Russia halts Nord Stream 1 gas flow to Europe again

Russia’s state-owned energy giant Gazprom has again suspended gas deliveries on the arterial Nord Stream 1 pipeline to Germany, citing maintenance requirements.

The suspension is the latest in a series of halts to gas supplies that have contributed to an ongoing energy crisis in Europe in the wake of the Russian invasion of Ukraine that began on February 24.

Gazprom said on Wednesday that supplies via Nord Stream 1 were “completely stopped” for “preventive work” at a compressor unit. The announcement came shortly after European gas network operator ENTSOG announced that deliveries had ceased.

Gazprom has repeatedly maintained the stoppages in supply are necessary for routine maintenance but have been exacerbated by equipment delivery complications created by Western sanctions on Russia.

Germany has accused Moscow of using its energy resources as a weapon.

Germany’s Federal Network Agency chief Klaus Mueller called the latest cessation “technically incomprehensible”, adding that experience shows that Moscow “makes a political decision after every so-called maintenance”.

“We’ll only know at the beginning of September if Russia does that again,” said Mueller, apparently referring to suspensions and reductions of flows in June and July that Russia blamed on maintenance.

Expected to worsen

Europe’s ongoing energy crunch has seen a 400 percent surge in wholesale gas prices since last August.

The shortages have squeezed consumers and businesses alike, who are reeling from sky-high inflation and the high cost of living. It has forced governments to spend billions to ease the burden.

The situation is expected to worsen as European countries enter the cold winter months, with many homes using natural gas for heating. Some countries, including France, have said fuel rationing is possible.

Since launching its invasion of Ukraine, Russia has also stopped supplying Bulgaria, Denmark, Finland, the Netherlands and Poland with gas while reducing flows via other pipelines.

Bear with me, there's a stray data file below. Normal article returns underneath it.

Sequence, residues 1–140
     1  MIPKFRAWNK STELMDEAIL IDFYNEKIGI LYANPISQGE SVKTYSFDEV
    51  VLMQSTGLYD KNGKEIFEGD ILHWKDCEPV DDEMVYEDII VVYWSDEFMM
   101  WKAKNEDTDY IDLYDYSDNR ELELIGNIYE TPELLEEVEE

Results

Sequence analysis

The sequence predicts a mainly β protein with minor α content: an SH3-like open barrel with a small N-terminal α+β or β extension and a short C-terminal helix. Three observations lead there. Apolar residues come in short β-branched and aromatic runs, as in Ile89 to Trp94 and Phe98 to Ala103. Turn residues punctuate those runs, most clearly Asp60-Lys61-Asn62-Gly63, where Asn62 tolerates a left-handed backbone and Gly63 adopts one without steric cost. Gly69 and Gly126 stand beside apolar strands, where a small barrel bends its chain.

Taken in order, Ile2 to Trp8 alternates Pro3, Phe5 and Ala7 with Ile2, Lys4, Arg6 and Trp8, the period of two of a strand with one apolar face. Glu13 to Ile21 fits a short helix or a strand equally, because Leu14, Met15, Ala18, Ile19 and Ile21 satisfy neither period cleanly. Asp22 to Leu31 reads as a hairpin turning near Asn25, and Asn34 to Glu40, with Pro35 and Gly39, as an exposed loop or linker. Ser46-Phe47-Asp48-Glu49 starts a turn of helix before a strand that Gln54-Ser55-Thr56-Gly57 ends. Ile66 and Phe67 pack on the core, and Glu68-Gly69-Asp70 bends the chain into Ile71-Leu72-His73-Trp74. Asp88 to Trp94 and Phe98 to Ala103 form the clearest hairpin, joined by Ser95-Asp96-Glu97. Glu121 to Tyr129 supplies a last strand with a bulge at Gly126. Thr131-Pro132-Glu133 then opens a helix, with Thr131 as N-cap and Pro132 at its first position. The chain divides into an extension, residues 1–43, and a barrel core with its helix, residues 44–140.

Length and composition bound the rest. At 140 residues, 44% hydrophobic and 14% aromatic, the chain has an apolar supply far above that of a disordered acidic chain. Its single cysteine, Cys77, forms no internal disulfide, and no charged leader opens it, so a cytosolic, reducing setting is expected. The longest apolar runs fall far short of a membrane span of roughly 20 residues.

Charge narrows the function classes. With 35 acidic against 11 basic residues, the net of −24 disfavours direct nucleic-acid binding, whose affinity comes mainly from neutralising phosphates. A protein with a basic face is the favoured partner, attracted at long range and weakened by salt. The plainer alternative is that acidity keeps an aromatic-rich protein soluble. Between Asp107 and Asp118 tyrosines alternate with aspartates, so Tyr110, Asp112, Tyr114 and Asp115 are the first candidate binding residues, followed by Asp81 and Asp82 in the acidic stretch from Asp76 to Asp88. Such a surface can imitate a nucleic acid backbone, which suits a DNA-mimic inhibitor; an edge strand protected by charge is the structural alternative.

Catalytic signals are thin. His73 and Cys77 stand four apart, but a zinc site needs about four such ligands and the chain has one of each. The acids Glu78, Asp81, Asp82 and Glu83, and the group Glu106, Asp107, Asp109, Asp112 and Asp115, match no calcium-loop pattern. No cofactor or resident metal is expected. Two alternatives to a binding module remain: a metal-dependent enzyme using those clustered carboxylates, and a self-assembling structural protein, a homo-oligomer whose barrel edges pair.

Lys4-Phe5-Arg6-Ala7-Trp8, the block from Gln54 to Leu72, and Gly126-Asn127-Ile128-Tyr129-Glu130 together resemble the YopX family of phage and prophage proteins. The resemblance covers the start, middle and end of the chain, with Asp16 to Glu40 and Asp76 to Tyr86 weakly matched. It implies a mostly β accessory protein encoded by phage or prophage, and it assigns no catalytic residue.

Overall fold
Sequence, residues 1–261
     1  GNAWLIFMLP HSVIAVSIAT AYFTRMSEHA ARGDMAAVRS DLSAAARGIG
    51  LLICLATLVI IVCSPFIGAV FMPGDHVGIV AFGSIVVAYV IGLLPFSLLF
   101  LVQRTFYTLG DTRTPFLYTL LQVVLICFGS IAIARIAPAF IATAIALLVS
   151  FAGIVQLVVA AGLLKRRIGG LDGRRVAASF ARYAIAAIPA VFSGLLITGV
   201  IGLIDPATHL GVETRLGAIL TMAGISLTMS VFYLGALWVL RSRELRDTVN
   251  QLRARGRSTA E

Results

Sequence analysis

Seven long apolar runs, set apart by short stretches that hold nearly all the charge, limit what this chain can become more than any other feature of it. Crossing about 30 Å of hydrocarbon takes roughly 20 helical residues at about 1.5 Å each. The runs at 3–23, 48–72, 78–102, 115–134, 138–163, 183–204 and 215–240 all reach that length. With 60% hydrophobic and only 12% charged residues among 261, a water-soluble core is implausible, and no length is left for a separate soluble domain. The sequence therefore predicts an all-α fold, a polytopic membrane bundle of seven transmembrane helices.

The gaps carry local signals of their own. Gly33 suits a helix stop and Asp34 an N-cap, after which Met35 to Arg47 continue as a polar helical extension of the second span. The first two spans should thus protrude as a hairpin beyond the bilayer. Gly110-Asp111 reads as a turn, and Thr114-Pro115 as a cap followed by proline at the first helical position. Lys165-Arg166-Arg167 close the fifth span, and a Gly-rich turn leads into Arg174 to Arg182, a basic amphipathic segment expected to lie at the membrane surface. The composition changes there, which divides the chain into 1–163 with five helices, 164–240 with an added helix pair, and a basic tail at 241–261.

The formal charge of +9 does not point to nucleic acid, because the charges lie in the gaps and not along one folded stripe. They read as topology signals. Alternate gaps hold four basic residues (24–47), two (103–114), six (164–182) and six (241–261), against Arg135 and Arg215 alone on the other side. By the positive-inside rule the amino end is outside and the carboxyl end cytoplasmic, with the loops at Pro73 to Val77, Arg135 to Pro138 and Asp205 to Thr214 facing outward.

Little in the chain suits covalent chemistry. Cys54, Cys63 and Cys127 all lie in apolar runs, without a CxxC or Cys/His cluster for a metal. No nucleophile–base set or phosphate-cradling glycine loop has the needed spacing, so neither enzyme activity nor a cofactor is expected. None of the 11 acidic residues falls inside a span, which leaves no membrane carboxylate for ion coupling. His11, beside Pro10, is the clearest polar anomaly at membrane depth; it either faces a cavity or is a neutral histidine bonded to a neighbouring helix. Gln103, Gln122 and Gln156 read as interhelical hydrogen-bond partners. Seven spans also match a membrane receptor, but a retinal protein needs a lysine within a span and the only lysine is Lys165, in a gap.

On Tuesday, Gazprom said it would suspend gas deliveries to its French contractor over a payments dispute. France’s energy minister said that was an excuse, but said the country had already been anticipating the loss of supply.

The European Union is preparing to take emergency action to reform the electricity market in order to bring rising prices under control, with energy ministers scheduled to hold extraordinary talks next week.

‘Nothing interferes with supplies’

Germany, which is heavily dependent on Russian gas, is faring better than expected, with Mueller reporting the country’s gas storage was nearly 85 percent filled.

Europe as a whole is also making progress in filling its gas storage tanks. On Sunday, storage levels were already at 79.9 percent of capacity in the EU.

German economy minister Robert Habeck, who is leading efforts to replace Russian gas imports by mid-2024, says the country currently does not have the needed stores to make it through the winter.

Asked if Gazprom’s supplies would resume after the three-day works were completed on Saturday, Russian government spokesman Dmitry Peskov said “there is a guarantee that, apart from technical problems caused by sanctions, nothing interferes with supplies”.

Western capitals “have imposed sanctions against Russia, which do not allow for normal maintenance, repair work”, he said, appearing to refer to an incident in July when, following 10 days of scheduled maintenance, Nord Stream 1 flows dwindled.

Gazprom said the issue was the result of a key turbine being blocked from delivery to Russia because of sanctions.

Germany, from where the turbine was being sent, said Moscow was the one blocking that delivery.

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